The lee side of a hill or mountain can be ugly, and has put many a pilot down quickly with little control. Don’t go “over the back” without sufficient altitude. Keep well in front of ridges. Get even further in front of the ridge before you a traversing a canyon where compressed wind speed will increase.
(17) Glider level
Don’t fly an advanced level glider, until you are ready for it. Wait until you squeak out every bit of juice from a lower-performance glider before moving up. And even then, question your reason for moving up.
(18) Pilot induced oscillation
This typically happens to beginner or intermediate pilots flying a glider they are not ready for. If it happens, relax, loosen your grip, and slow your glider down.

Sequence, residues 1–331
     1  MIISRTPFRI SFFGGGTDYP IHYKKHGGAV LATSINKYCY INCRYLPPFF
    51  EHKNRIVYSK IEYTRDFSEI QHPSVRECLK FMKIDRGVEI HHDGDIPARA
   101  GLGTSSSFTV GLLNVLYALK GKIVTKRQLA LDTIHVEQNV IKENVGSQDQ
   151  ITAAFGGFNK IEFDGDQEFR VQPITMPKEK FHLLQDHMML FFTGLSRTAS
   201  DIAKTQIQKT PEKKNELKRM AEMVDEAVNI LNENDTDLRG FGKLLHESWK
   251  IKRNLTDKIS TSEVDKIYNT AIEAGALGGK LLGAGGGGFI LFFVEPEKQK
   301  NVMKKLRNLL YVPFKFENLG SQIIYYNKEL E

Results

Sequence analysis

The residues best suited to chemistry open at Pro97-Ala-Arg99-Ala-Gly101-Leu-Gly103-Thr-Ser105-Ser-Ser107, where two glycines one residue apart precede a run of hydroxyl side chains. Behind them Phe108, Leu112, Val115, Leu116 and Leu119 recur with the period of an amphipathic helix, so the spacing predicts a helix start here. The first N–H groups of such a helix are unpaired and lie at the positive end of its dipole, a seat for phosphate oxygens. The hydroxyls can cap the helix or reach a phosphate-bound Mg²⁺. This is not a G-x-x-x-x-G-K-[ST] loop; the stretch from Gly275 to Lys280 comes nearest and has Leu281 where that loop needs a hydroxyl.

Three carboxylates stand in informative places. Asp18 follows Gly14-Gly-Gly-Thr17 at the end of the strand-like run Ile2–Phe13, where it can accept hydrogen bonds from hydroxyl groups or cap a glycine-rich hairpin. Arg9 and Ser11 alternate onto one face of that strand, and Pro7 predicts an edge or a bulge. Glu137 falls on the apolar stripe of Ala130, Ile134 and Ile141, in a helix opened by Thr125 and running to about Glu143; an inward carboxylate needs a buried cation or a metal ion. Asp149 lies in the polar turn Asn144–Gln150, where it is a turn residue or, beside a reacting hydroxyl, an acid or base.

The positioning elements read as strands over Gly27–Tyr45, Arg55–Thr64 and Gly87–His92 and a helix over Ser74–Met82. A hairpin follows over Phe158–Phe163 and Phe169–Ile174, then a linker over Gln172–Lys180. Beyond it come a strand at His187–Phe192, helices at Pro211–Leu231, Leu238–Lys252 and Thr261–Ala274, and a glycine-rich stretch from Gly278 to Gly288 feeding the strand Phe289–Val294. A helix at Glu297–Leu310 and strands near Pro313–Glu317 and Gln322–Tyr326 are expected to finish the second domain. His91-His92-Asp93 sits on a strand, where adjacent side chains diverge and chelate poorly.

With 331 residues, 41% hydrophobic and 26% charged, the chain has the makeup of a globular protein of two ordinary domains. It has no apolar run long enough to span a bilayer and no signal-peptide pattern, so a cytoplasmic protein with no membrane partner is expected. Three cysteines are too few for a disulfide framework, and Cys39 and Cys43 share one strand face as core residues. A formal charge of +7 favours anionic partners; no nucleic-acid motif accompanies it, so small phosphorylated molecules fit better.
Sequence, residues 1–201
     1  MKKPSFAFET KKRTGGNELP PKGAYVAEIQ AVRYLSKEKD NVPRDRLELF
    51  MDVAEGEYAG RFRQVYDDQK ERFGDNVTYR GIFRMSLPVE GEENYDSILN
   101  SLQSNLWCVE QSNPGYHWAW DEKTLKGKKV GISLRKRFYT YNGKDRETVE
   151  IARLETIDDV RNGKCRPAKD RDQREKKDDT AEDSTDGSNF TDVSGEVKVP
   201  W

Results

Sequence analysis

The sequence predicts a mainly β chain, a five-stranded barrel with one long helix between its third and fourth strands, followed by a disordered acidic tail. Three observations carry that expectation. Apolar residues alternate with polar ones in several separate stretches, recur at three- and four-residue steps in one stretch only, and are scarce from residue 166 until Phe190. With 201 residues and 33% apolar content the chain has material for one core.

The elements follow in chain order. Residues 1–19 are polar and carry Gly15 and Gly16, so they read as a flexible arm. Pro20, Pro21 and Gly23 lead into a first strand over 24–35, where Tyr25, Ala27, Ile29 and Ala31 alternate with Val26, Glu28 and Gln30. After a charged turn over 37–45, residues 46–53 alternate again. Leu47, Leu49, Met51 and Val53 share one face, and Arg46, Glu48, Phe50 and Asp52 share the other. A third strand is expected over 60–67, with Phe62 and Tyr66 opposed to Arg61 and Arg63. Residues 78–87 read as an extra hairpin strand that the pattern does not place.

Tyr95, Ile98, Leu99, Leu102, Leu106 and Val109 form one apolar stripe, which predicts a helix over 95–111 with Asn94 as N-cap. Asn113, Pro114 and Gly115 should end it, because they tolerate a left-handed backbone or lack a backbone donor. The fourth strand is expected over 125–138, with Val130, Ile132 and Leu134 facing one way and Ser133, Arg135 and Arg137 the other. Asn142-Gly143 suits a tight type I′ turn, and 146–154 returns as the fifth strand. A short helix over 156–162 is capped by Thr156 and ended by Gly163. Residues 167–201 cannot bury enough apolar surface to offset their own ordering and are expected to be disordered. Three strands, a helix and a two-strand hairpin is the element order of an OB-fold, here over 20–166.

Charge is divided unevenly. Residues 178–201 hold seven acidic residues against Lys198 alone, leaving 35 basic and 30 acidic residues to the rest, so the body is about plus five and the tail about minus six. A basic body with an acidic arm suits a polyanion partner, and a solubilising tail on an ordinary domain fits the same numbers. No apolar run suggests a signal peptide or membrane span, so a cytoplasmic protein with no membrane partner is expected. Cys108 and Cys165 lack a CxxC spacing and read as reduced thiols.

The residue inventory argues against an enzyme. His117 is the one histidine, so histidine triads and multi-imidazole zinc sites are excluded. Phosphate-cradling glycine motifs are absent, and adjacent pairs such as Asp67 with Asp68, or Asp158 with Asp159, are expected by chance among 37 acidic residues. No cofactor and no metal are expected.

(19) Aerobatics, Showing Off
Hang gliders are not design for aerobatics. Avoid showing off.
(20) Cloud suck
Learn how to recognize, and avoid, cloud suck.
(21) Rotor from other aircraft
Rotor behind another aircraft can be severe and long lasting, the larger and slower the other aircraft.
(22) Keep an LZ always within reach
Don't get caught back on a ridge or in a place that you can't easily glide to an LZ. Take care of a venturi effect when above canyons; your sink rate will increase dramatically in a canyon. Always assume a worse L/D to the LZ than you have.
(23) Landing Approach
Most poor landings are a direct result of a poor landing pattern approach. Pick a big landing field, that is uncrowded. Be conservative. Don't get close to tree tops. Take a long final, come in with sufficient speed, use the basebar, and avoid turns close to the ground. Watch for your basetube getting caught.
(24) Avoid Power lines